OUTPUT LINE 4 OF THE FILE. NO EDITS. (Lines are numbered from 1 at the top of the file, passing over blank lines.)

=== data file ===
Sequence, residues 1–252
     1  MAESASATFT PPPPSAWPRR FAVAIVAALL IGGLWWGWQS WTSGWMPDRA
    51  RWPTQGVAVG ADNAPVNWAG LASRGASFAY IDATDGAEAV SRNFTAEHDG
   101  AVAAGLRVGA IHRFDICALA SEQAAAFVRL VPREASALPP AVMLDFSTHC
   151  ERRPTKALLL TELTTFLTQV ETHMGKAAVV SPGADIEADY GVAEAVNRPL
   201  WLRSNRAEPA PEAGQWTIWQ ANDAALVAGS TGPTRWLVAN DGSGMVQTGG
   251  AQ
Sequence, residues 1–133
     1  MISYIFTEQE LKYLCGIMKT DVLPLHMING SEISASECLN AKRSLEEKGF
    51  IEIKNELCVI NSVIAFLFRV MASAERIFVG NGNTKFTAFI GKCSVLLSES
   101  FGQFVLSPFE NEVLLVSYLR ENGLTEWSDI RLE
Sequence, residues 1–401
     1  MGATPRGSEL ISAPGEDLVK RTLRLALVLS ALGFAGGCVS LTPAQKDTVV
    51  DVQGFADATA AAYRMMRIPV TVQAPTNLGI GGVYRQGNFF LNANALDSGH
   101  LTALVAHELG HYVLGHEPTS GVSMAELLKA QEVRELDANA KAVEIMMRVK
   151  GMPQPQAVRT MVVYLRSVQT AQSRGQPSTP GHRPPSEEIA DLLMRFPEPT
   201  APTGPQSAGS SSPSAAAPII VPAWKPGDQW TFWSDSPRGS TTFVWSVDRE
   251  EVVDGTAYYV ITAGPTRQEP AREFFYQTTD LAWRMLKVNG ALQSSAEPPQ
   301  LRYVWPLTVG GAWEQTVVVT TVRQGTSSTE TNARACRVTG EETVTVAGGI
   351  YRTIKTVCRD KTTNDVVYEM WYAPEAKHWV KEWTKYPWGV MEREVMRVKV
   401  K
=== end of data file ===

   101  AVAAGLRVGA IHRFDICALA SEQAAAFVRL VPREASALPP AVMLDFSTHC